Evaluations of interventions for children and youth typically show marked variability in their results. This project will explore that variability using the effect size estimates and associated descriptive variables from seven existing meta-analyses. These meta-analyses each include 58 to more than 500 evaluations of the effects of prevention and treatment programs on a range of youth outcomes. Lipsey and colleagues will further code community and organizational factors to shed light on other possible sources of variability not yet represented in these data sets. They will estimate how much of the variability in observed effects is due to the nature of the programs, their implementation, the settings, and the participants. They will also estimate how much of the variability is due to differences in the methods used to gather information, the study designs, the procedures used in analysis, and sampling error. Finally, the investigators will estimate how much of the observed differences are due to factors that cannot be accounted for by any of these sources. This three-step strategy will be applied to a broad range of settings, including after-school programs, school-based emotional and behavioral programs, interventions for juvenile offenders and youth at risk for delinquency, and family interventions. They will examine variation across participant samples, community contexts, organizational features, intervention components, doses, training, and methodologies. Understanding how these factors influence the variability of program effects will help researchers and practitioners identify the conditions under which program effects are particularly robust and the extent to which they can be generalized across different settings and applications.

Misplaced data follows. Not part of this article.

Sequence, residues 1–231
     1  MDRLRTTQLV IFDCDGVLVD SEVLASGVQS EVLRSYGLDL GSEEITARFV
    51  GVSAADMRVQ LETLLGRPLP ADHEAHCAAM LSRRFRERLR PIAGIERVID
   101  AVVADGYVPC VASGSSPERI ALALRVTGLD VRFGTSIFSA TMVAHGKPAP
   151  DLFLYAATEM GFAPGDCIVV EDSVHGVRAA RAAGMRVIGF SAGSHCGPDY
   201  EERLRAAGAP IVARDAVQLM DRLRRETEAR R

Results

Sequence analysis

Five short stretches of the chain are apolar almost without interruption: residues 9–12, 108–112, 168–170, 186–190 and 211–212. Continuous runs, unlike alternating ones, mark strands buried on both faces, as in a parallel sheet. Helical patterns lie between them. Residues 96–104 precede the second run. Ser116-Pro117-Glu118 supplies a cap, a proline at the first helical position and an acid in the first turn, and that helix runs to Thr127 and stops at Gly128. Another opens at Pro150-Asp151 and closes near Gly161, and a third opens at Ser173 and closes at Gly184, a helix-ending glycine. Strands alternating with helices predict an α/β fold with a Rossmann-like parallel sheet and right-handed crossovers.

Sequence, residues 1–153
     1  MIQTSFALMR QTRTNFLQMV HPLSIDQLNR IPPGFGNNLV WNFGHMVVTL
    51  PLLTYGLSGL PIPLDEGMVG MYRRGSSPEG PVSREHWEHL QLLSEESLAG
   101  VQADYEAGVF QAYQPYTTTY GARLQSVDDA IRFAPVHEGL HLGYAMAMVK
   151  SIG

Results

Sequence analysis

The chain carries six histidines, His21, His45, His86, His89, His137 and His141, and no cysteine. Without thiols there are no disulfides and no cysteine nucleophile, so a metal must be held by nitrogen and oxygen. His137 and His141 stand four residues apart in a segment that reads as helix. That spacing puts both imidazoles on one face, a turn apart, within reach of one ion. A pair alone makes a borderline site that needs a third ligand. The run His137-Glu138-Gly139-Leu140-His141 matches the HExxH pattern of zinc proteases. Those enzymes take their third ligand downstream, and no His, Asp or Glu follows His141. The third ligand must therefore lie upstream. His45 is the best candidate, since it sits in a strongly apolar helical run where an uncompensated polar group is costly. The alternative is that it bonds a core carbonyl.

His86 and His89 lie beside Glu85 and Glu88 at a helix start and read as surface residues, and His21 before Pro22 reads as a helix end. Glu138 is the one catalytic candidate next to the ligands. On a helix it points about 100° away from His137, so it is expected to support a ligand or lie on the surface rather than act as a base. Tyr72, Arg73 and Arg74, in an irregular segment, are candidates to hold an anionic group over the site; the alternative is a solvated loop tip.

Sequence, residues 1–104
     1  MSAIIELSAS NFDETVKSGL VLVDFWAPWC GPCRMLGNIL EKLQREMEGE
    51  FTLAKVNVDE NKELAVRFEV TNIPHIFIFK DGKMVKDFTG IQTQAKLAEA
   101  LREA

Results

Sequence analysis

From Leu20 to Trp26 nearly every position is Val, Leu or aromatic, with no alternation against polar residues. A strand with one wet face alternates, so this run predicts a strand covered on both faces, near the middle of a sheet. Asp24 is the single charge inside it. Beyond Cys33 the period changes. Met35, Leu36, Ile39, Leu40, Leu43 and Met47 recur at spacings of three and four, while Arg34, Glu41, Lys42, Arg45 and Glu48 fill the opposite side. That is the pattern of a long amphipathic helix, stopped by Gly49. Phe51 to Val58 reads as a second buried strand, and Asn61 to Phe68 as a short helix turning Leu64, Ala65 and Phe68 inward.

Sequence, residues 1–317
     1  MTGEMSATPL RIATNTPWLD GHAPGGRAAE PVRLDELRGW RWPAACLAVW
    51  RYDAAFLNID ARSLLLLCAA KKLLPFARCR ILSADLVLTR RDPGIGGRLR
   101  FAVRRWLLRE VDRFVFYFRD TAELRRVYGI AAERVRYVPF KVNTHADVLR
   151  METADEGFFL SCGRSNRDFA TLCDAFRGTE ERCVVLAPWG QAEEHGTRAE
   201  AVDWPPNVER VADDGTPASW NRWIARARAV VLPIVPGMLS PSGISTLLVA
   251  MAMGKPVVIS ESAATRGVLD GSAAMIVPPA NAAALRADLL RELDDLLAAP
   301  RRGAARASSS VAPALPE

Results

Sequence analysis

This project will explore that variability using the effect size estimates and associated descriptive variables from seven existing meta-analyses.